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Soul in a White Room
An intimate encounter suggested by two pairs of hands
Soul in a White Room, filmed around the autumn of 1968, suggests an intimate encounter between a white woman and a black man. The film begins with a pair of female hands stroking the back of a man wearing a white jumper. A second shot reveals the woman’s bottom being caressed by the man’s hands. The man is Omar Diop-Blondin, a Senegalese political militant who had been involved in the May 1968 student protests in Paris. Diop was in London at the time taking part in Jean-Luc Godard’s Sympathy for the Devil, along with a Frankie Y and the other black panthers in London. After returning to Senegal, Diop was imprisoned and killed in 1973.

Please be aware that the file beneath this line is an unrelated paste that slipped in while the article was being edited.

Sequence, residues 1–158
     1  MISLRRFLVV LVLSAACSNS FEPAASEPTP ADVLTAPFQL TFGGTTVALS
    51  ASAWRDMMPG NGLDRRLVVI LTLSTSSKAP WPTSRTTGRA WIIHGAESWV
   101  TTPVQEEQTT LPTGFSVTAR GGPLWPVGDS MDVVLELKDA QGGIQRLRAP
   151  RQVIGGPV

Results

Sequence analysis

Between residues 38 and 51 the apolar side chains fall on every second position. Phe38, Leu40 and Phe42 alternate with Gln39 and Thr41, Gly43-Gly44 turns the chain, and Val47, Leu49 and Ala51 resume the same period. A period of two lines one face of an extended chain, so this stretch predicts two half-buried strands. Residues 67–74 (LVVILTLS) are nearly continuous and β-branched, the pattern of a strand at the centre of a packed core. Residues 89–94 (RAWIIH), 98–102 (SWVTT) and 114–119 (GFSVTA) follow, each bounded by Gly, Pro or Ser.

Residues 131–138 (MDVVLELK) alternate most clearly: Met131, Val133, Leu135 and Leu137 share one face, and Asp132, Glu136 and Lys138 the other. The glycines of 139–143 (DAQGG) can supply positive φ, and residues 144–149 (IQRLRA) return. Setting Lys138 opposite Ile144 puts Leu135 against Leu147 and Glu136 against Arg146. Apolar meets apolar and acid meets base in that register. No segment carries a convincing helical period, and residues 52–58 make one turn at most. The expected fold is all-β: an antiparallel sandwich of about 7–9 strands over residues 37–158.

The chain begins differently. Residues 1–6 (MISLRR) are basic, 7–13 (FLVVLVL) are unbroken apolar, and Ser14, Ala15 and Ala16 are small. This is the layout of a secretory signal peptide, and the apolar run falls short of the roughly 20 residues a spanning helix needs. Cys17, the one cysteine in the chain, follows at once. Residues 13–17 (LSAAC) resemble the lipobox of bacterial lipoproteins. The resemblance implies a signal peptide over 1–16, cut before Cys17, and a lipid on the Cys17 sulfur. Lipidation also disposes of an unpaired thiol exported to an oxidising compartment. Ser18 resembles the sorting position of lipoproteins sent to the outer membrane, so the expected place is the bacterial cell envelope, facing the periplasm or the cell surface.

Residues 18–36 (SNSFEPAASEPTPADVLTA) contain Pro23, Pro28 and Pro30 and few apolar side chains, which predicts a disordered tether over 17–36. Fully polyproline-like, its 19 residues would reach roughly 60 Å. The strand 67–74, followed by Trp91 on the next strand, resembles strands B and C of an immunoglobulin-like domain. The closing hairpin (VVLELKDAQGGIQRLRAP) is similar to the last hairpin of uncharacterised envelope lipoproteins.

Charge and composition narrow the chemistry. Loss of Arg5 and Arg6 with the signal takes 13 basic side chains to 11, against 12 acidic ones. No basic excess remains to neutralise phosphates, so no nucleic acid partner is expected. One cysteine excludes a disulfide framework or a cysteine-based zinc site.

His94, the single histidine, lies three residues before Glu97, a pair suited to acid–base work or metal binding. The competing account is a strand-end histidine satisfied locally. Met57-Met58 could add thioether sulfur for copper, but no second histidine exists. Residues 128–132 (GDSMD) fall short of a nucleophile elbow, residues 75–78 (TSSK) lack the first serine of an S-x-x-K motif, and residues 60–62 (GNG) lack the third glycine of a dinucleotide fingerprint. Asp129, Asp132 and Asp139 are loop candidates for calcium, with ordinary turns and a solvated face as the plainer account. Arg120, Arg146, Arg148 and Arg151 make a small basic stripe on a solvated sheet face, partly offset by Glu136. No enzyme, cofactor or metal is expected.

Founded in 1966, the London Film-Makers’ Co-operative started life at Better Books, a counter-culture bookshop on Charing Cross Road, where a group led by poet Bob Cobbing and filmmakers Stephen Dwoskin, Simon Hartog and Jeff Keen met to screen films. Initially inspired by the activities of the New American Cinema Group in New York, the London Co-op grew into a pioneering organisation that incorporated a film workshop, cinema space and distribution office. During its four-decade history, the Co-op played a crucial role in establishing film as an art form in the UK and participated in a vibrant international film scene. This BFI Player collection brings together new scans of films distributed by and/or produced at the London Co-op.